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Secrets of mixing music



I used to take the view that a good enough mixing engineer can make a good mix out of any source material, and that anything could be 'fixed in the mix'. With ever-evolving audio editing software, it's certainly possible to turn almost any recording into a professional sounding track. 

Increasingly, however, I'm appreciating the limitations of this approach. Yes, drums can be quantised and replaced with samples, vocals can be tuned, guitars can be re-amped etc. It might not matter if the recorded performance is a bit out of time or sloppy. But what DOES matter is that:

  1. the intention behind the performance is clear, and;

  2. that the sound source is sufficiently well captured and faithfully reproduced to convey this.

In other words, the better quality the ingredients that go into the mix, the tastier the meal that will come out at the other end (if prepared and cooked correctly of course!).

To stretch the food analogy a little further (sorry), notice I make no mention of the need for using the most sophisticated, expensive blending machine or automated pressure cooker. Experience has borne out time and time again that it's not about the gear you use, it's how you use it. 

So before you think about splashing out on that state-of-the-art interface, think about whether you're really getting the best out of your existing gear.

Of course it's important that all your recording gear is setup and used correctly. But a good quality recording is of no use if all you've recorded is garbage. For example, for vocalists, it's especially important that a degree of conviction and emotion is conveyed, regardless of the pitching or timing. And for guitarists, even the most advanced pitch correction software will struggle if you're using tired, old strings that have not been tuned or intonated properly!

It goes without saying that it's a big help if everyone has had time to learn and nail their parts during the recording process, but sometimes circumstances get in the way. If so, it needn't be the end of the world, as long as a few golden rules (or guidelines) are followed.


For a more in-depth look at the necessary approaches and gear required for getting the best out of your home recordings, please check the RECORDING section of this site.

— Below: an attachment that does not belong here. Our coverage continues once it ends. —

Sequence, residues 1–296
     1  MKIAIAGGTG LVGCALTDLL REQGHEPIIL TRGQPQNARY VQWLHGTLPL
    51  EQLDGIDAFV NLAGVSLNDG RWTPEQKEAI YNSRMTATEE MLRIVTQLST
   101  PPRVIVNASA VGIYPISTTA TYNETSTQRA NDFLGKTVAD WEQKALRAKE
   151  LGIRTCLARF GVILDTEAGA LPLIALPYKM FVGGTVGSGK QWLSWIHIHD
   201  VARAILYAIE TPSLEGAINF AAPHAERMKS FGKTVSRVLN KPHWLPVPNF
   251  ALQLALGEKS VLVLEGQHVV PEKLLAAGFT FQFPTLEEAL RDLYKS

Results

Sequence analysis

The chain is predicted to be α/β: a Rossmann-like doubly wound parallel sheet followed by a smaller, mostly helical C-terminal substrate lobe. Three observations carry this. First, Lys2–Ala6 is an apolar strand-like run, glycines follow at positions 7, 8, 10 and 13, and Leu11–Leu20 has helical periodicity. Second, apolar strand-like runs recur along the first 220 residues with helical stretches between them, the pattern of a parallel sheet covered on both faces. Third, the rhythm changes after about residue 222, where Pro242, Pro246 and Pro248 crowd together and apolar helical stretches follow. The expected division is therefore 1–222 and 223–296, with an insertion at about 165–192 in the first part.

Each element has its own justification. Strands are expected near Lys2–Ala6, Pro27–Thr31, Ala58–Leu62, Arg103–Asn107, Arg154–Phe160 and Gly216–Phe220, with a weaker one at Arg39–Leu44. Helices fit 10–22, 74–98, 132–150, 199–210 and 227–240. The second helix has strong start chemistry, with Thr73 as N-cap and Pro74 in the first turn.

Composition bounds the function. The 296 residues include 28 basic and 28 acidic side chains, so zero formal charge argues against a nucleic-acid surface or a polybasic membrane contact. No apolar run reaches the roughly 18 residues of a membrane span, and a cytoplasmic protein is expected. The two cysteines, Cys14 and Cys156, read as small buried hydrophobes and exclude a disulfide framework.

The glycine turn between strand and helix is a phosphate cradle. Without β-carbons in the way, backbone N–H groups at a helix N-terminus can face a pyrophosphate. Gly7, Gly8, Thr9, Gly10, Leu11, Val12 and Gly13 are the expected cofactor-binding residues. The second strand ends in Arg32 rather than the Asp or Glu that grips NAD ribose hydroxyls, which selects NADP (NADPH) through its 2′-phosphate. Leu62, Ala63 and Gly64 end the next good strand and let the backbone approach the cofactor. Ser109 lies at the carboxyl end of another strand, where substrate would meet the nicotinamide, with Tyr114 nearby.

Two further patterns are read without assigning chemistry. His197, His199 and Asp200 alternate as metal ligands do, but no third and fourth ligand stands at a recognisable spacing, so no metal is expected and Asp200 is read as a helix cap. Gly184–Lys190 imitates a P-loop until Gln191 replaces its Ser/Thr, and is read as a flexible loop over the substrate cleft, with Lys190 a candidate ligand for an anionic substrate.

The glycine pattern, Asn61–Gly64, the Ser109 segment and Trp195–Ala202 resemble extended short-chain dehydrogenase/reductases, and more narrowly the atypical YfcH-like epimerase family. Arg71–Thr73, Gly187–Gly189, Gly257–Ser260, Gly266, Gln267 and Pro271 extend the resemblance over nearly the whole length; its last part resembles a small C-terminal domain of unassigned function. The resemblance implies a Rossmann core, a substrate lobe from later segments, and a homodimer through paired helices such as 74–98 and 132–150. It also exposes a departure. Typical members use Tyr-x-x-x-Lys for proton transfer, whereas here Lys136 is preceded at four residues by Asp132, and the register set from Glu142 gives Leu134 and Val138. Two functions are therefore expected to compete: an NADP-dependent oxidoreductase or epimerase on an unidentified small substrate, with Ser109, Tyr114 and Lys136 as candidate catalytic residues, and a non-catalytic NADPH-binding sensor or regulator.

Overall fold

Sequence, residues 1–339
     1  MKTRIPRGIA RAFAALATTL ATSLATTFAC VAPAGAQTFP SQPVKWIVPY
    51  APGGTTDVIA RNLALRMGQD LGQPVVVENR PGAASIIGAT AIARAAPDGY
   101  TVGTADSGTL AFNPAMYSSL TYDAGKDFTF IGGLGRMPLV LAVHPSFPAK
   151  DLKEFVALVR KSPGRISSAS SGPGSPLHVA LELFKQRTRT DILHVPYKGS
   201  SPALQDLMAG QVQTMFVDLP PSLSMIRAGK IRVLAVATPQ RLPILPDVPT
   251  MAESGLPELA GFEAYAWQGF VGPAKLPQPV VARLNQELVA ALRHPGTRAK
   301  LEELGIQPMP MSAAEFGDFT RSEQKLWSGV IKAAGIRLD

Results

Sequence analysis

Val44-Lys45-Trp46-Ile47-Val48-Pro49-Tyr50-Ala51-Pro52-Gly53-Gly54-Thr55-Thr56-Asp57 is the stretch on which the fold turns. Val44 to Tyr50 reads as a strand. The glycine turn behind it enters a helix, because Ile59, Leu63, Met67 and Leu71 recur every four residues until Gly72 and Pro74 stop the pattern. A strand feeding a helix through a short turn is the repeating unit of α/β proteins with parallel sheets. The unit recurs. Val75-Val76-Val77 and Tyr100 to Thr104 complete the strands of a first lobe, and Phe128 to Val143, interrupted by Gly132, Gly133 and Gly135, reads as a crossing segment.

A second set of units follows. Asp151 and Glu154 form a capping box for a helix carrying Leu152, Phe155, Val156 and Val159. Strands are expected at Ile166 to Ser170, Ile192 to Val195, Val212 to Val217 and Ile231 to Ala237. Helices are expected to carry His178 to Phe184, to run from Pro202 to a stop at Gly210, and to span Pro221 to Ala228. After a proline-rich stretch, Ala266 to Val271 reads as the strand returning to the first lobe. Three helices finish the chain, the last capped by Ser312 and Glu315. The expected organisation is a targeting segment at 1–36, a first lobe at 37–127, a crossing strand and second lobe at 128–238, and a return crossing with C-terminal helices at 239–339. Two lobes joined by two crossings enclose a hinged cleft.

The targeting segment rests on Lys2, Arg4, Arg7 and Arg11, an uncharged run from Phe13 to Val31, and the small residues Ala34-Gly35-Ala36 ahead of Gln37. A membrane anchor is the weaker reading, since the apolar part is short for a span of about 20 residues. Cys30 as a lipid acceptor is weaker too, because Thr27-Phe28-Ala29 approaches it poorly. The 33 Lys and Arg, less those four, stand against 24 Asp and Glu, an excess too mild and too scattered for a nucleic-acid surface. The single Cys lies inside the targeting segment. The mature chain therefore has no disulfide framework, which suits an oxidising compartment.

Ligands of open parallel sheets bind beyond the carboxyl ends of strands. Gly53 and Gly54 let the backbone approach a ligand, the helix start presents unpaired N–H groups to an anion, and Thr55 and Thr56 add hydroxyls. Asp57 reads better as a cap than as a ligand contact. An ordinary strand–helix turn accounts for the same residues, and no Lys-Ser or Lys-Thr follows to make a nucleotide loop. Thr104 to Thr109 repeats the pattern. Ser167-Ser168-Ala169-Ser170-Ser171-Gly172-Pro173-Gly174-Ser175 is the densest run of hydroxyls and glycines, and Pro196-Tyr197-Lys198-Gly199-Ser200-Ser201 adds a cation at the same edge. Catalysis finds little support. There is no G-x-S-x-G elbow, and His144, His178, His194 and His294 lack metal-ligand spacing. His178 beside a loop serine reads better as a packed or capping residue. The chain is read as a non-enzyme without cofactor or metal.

Often what really separates a killer song from a mediocre one is simply the thought that has gone into the arrangement. It's one thing to have a strong melody, a decent progression and structure, and a propulsive rhythm. But without the elements of dynamic contrast, harmonic development, varying rhythmic density etc, it may still end up sounding bland and unexciting, no matter how clear or powerful the mix is. 

Frequently bands compensate for this by recording hundreds of layers of harmonies and sound FX etc. If done judiciously, this can really elevate the excitement of a track. But more often, the arrangements end up dense, murky and cluttered. The track sags under the weight of all the extra layers. And no amount of mix trickery will help. 

So definitely consider whether your arrangements require any additional details to add interest. But sometimes, less is more!

Studio recording


Chances are, you probably have an idea in your head of how you want the end product to sound. There might be particular records that you want to emulate, or production styles that you like. 

If you want your finished production to end up with a certain 'vibe', it's usually enough just to refer a producer to some relevant recordings that display that aesthetic. That will provide a concrete reference point for figuring out an appropriate approach for the production.

But this also feeds back into the previous two points - the recording/ performance quality, and the arrangement. Many records sound the way they do not just because of how they have been mixed, but because of the thought that has gone into the arrangements and the recording process.

So if you're aiming to make a recording that sounds a certain style, think about what might be required from the VERY START of the production process to get the output that you desire.  

If you're at the beginning of a project, I am more than happy to advise in these matters. 

But don't worry if you're reading this having already finished your recordings. Put simply, if it sounds good to you so far, it probably is. And if not, maybe there's still some work to be done!  :-)

Either way, I can help! So feel free to get in touch through the contact button below to discuss your project, whatever stage it's in. 

Tom MacLean
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